pared by the U. S. Pharmacopoeia, dried them, and in a perco- 
lator submitted them to the action of alcohol until completely ex- 
hausted. The alcoholic tincture was evaporated on a water-bath to 
about the consistence of simple cerate, a small plaster was made and 
applied, which, in the course of an hour, produced redness of the skin, 

Am. Jour. Pharm \ 
Feb., 1878. J 

Sapo Vtridis. 


and in three hours blistered it, thus proving conclusively and satisfac- 
torily that a change can be made advantageously as recommended. 

2d. The tincture as prepared according to the present directions is 
objectionable, on account of its inelegant appearance and the precipita- 
tion which takes place shortly after being prepared \ it is decidedly dis- 
pleasing to the eye, and does not present that beautiful clear greenish- 
yellow color as when prepared with alcohol. Ir our days of advance- 
ment in elegant pharmaceutical preparations, we should endeavor to 
manufacture handsome-looking products, so long as the medicinal qual- 
ities of the drug are not impaired. 

3d. As tincture of cantharides is one of the ingredients of the many 
hair tonics and dressings which pharmacists are often called upon to 
prepare, it is also preferable on account of the solubility of the castor 
oil which frequently enters into preparations of this kind, producing 
and furnishing to the customer a much handsomer compound. 

The German Pharmacopoeia directs to prepare the tincture by mac- 
erating cantharides, 1 part, with alcohol sp. gr. 0*832, 10 parts, for 
eight days, and filtering. 


By Herman Betz. 
Read at the Alumni Meeting, "January 3. 

This preparation is used to some extent in Europe, and many phar- 
macists here are obliged to keep it for their customers, who make use 
of it in itch and allied affections, for which it is by some considered 
quite an efficacious remedy. 

As found in the market, it is often very impure, being prepared from 
common animal fats and colored with various substances. Animal fats 
are not advisable for this purpose, but any vegetable fatty oil, such as 
oil of hemp or linseed can be very properly used. In countries 
where oil of hempseed is a common article of commerce, green soap 
is usually made from this oil, and is obtained of a nice dark-green 

One reason why green soap in this country is so often adulterated 
may be found in the scarcity and high price of oil of hempseed. Oil 
of linseed has the same properties in making a soap for the purpose 
before mentioned, and on account of its cheapness would not offer so 


66 Prescription Clamps. { Am £C™s rm ' 

much temptation for adulteration; it would be advisable to use it alto- 
gether, when we would always have a uniform and reliable preparation. 
As it is now, one can hardly find two samples alike. 

In making green soap, one or two points have to be taken in con-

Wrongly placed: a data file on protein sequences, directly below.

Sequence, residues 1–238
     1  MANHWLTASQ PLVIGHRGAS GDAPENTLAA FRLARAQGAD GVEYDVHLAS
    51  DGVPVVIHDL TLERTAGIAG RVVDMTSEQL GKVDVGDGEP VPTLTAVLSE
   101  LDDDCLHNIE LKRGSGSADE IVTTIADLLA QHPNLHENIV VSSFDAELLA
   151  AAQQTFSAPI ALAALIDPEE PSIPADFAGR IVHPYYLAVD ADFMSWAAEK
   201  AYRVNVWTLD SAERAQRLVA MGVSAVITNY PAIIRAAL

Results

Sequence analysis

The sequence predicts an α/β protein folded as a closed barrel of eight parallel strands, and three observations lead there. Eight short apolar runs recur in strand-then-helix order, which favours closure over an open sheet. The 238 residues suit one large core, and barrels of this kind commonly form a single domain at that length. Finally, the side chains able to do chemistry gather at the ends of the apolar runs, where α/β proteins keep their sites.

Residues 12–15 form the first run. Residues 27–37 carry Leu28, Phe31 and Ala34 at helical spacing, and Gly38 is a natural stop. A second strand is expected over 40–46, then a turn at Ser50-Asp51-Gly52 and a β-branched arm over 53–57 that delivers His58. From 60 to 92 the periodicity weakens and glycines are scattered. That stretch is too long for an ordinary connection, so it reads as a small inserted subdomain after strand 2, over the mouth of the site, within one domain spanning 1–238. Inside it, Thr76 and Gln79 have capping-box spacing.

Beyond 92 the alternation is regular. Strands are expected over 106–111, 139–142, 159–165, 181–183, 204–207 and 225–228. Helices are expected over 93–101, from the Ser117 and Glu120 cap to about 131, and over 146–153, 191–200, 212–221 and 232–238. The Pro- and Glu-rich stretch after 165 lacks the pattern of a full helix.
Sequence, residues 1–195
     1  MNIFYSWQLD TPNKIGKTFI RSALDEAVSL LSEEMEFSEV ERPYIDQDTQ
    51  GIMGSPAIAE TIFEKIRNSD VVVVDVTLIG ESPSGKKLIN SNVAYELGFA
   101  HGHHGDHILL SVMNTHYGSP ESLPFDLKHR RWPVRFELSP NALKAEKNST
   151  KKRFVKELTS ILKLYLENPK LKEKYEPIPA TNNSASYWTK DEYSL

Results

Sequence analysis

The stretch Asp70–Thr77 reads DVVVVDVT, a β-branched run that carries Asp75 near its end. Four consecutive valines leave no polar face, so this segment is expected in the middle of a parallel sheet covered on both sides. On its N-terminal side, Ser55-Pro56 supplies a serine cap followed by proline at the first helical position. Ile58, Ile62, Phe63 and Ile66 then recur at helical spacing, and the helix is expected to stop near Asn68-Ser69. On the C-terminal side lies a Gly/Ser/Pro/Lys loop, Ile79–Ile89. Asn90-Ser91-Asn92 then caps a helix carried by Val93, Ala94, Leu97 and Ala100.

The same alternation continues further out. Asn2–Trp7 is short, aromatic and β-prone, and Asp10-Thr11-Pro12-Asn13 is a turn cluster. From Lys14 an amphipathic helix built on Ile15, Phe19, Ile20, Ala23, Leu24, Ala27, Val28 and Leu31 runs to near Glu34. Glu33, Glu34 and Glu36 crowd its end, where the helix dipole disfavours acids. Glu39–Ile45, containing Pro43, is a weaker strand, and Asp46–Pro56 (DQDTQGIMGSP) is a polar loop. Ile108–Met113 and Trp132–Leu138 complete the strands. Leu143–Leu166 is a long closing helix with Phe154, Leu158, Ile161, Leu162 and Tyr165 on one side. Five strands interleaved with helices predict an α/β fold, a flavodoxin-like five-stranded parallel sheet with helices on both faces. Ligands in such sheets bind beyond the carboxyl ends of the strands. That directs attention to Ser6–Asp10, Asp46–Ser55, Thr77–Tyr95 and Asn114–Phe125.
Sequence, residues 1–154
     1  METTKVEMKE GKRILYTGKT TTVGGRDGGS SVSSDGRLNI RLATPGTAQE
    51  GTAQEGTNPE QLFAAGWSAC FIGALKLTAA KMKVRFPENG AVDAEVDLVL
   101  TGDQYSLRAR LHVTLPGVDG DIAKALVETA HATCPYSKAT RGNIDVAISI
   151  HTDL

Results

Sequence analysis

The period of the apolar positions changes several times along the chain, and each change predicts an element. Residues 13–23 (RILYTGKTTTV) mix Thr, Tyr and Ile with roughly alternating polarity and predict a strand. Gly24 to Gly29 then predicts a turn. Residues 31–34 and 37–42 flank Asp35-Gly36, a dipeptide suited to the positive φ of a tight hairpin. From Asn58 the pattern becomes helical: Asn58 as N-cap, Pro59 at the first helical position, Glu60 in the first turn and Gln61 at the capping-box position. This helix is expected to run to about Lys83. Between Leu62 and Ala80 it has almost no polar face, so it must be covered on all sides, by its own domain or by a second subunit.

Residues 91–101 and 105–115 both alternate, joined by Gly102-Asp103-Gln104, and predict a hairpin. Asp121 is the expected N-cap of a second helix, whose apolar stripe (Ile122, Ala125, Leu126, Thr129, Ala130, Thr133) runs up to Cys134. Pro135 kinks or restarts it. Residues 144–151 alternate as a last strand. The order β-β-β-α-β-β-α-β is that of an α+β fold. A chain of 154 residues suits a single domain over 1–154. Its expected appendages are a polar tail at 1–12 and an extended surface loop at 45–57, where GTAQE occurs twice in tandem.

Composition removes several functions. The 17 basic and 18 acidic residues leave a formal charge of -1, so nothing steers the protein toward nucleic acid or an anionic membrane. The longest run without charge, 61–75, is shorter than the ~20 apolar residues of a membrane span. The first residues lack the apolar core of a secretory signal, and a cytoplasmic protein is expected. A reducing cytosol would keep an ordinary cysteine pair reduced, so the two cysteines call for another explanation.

sideration. In the first place the color ; this green color is one of the 
most difficult to obtain from vegetables. I have made a number of 
experiments, and found none to answer so well as the green coloring 
matter precipitated from a solution of indigo by lime. 

Another point is the disagreeable odor which green soap usually has, 
but this is easily overcome by a few drops of essential oil, for instance, 
the oil of citronella. 

The following formula may be found useful in preparing this soap : 

Take of Oil of linseed, U. S. P., . 

Solution of potassa, . . da Oi 

Coloring matter, ' . . . q. s. 

Oil of citronella, . . . gtts. x 

Place the oil and potassa in a porcelain dish ; mix thoroughly and 
boil with a regulated heat until the mass becomes thick or stringy ; 
then add the coloring matter and the oil of citronella, with constant 

If the oil is perfectly saponified the mass must be homogenous and 
transparent ; opaqueness may be due to want of water, or to an 
excess of fat, or of solution of potassa. The first and the last can be 
remedied by a small quantity of water, and if the proportion of oil 
was too large, an addition of solution of potassa will render the mix- 
ture clear. 


Editor American Journal of Pharmacy : 

I have read with interest, in the October number of the Journal, 
the article by Mr. Andrew Blair on the dispensing of prescriptions. 
Permit me to communicate to you a contrivance which, about a year 
ago, I published in the " Pharmaceutische Zeitung," and which, I am 
pleased to say, seems to have found great favor in Germany, but has 
been probably overlooked by you. 

My little apparatus will be easily understood from the accompanying 
sketch. These prescription clamps (No. i) are marked with a large 
figure and if not in use, contain a check with the same figure and with 

Am Jour. Pharm 
Feb., 1878. 

} Dispensing Dangerous Compounds. 


the name of the firm, as 
shown in the cut No. 2. The 
checks are made of sheet 
iron, with the figure and firm 
name engraved thereon. The 
clamp works by means ot 

two spiral springs, 3^, 


tween which is placed a 
piece of cork, b, to prevent 
too strong a pressure. A 
person coming with a pre- 
scription receives a check, 
and the prescription is placed 
in the corresponding clamp. 
If the medicine is called for, 
the check is demanded, and in this way mistakes are prevented and 
much unnecessary questioning of the customer saved, who sometimes 
declines giving his name. Remarks like " paid," u half the quantity," 
etc. are written upon the prescription, a corner of which is bent for the 

I have no doubt that this cheap and very useful contrivance (I have 
24 such clamps in use) will also find favor in your country, and I should